Hard to know how they taste, a lot of reviews say they are great and taste just like fresh but I suspect they are given free products to review positively- but then again, when your freeze dried strawberries are the last you'll ever eat, maybe that makes them taste better,
KitKat item collector- always looking for swag or branded items.
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lecale wrote:
Mar 20th, 2017 1:10 am

Yeah, you should see the pizza when buddy's done with it. A little bit caramelized. I think the Ristorante worked out so well for Prepper Guy because it is a cracker-type crust to begin with.

I didn't realize you could do this with spaghetti but I guess ramen noodles are dehydrated by frying...so the dehydrated spaghetti is just like ramen without all the grease.

(Last night I had to make spaghetti for the neighbour because his wife was out and he put a pack in cold water and then brought it to the boil and was confused that he created a large bonded rectangle of noodles...anyway it was 30 minutes to boil enough water and cook the stuff and get him out the door, so dehydrated spaghetti is topically interesting. He could have been gone in 3 minutes.)

Does this prepper guy have an all-meat video? Sort of intrigued at the palatable rehydrated chicken and the success with ground beef you mentioned.

EDIT: my relatives in alberta do a ground beef jerky like this one (oven dehydration) http://allrecipes.com/recipe/234518/ground-beef-jerky/ You need to start with tube beef because it is a really fine grind, or process it finer yourself.
Feneant wrote:
Mar 20th, 2017 11:40 am
Well, there's not much new about this, you can buy more and more freeze dried foods, even Costco has a large section on their website. Check out Thrive , they have fruits, veggies, meats, grains, dairy, bakery, etc... a few years ago they only had fruit and veggies.

Hard to know how they taste, a lot of reviews say they are great and taste just like fresh but I suspect they are given free products to review positively- but then again, when your freeze dried strawberries are the last you'll ever eat, maybe that makes them taste better,
They actually are great and taste just like fresh. When fully rehydrated , they are very close to the original product.
These videos... Don't do it much justice. I found it fun to watch to see the freeze dried food... But they didn't use very good preparation in rehydrating. All of that food would have tasted way better if rehydrated long enough and evenly. I notice they do a half ass job of it... and mostly taste test the food in its freeze dried form... Which will obviously be very dry, crunchy and lacking in flavor.

In his channel he also does steak and pork chops. The meat turn out really well! Taste and looks exactly like the original form. Its kinda cool and scary. The only thing is... That lady BBQ everything well done...



theres one around there with chicken breast too...
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UrbanPoet wrote:
Mar 20th, 2017 2:46 pm
In his channel he also does steak and pork chops. The meat turn out really well! Taste and looks exactly like the original form. Its kinda cool and scary. The only thing is... That lady BBQ everything well done...
Hmm I would do the steak by marinading it first, then dehydrating it. To season I would baste the steak with base https://www.walmart.ca/en/ip/better-tha ... 0188766890 instead of salt and then add dry spice. I think the base would help recover some of the beef flavour, and it would fix the not enough salt issue too.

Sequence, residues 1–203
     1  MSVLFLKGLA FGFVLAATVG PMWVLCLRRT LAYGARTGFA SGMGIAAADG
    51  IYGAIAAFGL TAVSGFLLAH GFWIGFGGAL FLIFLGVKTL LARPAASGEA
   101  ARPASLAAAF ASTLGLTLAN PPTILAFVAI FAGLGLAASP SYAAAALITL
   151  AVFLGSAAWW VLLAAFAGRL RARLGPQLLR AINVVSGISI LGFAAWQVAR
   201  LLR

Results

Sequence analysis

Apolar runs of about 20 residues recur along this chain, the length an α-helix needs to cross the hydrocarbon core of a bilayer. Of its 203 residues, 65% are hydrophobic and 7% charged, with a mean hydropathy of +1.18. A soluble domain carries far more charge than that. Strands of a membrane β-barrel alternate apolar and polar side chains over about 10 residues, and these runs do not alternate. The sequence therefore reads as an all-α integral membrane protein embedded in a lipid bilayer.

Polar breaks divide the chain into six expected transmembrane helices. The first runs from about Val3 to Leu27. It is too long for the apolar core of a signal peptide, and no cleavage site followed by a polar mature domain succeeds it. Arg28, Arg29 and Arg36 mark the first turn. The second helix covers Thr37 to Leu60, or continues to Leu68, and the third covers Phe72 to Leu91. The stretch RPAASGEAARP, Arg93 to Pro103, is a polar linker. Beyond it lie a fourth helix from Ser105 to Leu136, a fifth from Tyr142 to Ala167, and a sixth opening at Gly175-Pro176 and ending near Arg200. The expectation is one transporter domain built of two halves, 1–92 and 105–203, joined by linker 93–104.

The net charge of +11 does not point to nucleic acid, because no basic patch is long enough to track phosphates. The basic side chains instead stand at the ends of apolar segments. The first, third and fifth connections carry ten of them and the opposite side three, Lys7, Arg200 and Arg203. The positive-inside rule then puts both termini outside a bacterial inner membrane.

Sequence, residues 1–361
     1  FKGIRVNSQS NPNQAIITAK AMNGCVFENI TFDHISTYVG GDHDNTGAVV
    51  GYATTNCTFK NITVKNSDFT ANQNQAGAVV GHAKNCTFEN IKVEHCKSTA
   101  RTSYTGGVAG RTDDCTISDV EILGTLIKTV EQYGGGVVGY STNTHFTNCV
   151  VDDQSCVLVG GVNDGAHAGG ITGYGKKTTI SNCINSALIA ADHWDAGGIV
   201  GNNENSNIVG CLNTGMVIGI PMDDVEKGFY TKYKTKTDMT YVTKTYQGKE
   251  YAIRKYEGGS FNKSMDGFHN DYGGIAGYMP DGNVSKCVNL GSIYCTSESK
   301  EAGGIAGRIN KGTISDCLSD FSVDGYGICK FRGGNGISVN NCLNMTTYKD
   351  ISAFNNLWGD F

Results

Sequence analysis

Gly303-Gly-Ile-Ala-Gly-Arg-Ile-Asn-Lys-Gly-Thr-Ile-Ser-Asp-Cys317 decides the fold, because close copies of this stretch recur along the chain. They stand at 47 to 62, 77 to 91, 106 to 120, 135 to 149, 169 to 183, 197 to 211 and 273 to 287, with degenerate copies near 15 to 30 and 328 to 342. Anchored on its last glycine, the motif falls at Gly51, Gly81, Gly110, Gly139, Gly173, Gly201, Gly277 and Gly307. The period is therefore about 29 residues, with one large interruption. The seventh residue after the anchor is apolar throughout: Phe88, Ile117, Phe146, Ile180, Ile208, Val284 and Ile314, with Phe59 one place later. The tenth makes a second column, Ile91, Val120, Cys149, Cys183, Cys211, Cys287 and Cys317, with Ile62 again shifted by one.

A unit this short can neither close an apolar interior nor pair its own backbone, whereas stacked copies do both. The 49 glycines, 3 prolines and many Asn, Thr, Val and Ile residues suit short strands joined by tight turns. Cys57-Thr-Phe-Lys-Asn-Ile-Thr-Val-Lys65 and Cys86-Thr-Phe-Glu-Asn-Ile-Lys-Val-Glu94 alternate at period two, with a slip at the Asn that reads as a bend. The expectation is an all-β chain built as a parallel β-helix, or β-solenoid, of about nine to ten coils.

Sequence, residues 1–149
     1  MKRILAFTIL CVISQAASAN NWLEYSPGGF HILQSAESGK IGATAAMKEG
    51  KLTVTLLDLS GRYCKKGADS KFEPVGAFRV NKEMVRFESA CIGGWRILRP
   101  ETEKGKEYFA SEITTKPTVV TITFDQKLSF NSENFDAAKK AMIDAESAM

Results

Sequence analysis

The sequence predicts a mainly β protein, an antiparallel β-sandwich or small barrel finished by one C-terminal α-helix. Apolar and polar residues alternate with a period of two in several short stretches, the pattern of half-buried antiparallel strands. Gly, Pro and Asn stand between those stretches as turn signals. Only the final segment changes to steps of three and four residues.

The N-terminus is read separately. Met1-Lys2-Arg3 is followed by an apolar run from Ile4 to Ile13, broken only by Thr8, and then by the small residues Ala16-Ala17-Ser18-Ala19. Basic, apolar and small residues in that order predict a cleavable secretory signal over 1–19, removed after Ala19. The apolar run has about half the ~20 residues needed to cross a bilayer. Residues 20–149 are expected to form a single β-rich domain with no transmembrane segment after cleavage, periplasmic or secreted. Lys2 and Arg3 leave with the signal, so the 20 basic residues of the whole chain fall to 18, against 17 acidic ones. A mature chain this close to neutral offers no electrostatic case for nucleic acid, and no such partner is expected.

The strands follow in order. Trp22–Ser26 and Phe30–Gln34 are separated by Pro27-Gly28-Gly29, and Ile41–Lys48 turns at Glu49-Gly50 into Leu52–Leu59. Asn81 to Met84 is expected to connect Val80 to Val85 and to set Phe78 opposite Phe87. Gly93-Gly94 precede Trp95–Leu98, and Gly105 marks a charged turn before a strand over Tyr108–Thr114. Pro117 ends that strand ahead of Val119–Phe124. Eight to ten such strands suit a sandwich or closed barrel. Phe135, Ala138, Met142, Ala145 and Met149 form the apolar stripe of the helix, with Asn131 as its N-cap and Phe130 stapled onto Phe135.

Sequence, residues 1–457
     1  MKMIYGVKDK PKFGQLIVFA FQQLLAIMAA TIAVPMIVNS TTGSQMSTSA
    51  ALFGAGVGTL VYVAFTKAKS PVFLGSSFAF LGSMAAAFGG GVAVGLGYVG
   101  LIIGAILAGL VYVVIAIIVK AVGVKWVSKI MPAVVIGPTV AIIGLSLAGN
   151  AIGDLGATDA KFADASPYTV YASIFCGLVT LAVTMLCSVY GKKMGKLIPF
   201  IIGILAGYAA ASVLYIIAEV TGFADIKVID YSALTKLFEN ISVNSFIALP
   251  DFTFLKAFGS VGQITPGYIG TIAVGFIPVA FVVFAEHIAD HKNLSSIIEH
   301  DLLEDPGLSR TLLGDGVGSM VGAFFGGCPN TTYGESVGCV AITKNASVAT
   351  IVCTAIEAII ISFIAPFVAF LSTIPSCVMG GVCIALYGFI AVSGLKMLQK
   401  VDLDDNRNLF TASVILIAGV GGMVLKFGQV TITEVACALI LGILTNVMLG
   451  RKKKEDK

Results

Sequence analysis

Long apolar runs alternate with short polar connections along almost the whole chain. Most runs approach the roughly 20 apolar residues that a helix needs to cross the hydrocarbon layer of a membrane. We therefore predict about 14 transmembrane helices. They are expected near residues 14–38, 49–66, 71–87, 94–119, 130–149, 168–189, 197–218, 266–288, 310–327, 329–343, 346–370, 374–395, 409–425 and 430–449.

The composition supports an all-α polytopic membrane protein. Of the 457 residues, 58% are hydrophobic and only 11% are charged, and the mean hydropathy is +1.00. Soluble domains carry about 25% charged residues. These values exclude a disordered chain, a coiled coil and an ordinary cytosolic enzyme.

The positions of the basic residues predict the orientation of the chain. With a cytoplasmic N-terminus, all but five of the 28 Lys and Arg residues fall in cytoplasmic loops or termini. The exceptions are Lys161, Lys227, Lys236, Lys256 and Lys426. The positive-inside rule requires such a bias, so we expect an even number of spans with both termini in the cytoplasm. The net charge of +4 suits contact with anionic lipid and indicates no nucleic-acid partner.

The meat should be about 3/4 water so that 12 oz steak would go down to 3 oz. To rehydrate, instead of dunking it in an unmeasured quantity of water, I would precisely marinade the steak in a ziplock with the missing 9 oz (~255 ml, or 1 cup + 1 tbsp) water. If the steak is able to fully rehydrate it would suck up all the water and spice AND you don't have to lug a bottle of A1 into the woods. I would like to see THAT as an experiment - how much water can the meat recover to begin with? They also had a grey colour on their grilled steaks because of steam because they were too wet still.

When you fully cook pretty much any kind of meat your weight goes 1/6, so if the meat doesn't recover all of its water it's sort of cooked to begin with. Plus, those steaks were fast-fry thin. I think you just want a minute a side to heat and eat. I wouldn't actually give them any serious grill time.

I wonder what they would be like if you grilled them rare and then dehydrated them? A judicious amount of boiling water in a ziploc might make them ready-to-eat. Plus, you'd have enough grill time to actually get some smoke into them.

Have you tried any of these experiments at home yet?
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lecale wrote:
Mar 20th, 2017 7:55 pm
Hmm I would do the steak by marinading it first, then dehydrating it. To season I would baste the steak with base https://www.walmart.ca/en/ip/better-tha ... 0188766890 instead of salt and then add dry spice. I think the base would help recover some of the beef flavour, and it would fix the not enough salt issue too.

The meat should be about 3/4 water so that 12 oz steak would go down to 3 oz. To rehydrate, instead of dunking it in an unmeasured quantity of water, I would precisely marinade the steak in a ziplock with the missing 9 oz (~255 ml, or 1 cup + 1 tbsp) water. If the steak is able to fully rehydrate it would suck up all the water and spice AND you don't have to lug a bottle of A1 into the woods. I would like to see THAT as an experiment - how much water can the meat recover to begin with? They also had a grey colour on their grilled steaks because of steam because they were too wet still.

When you fully cook pretty much any kind of meat your weight goes 1/6, so if the meat doesn't recover all of its water it's sort of cooked to begin with. Plus, those steaks were fast-fry thin. I think you just want a minute a side to heat and eat. I wouldn't actually give them any serious grill time.

I wonder what they would be like if you grilled them rare and then dehydrated them? A judicious amount of boiling water in a ziploc might make them ready-to-eat. Plus, you'd have enough grill time to actually get some smoke into them.

Have you tried any of these experiments at home yet?
The HArvest Right home freeze dryer is $2300USD for the smallest size... lol...
I can't afford it.
However I've eaten plenty of "Mountain House" Freeze dried camp food. I also have a stash in my emergency kit. Beef stragonoff is my favourite...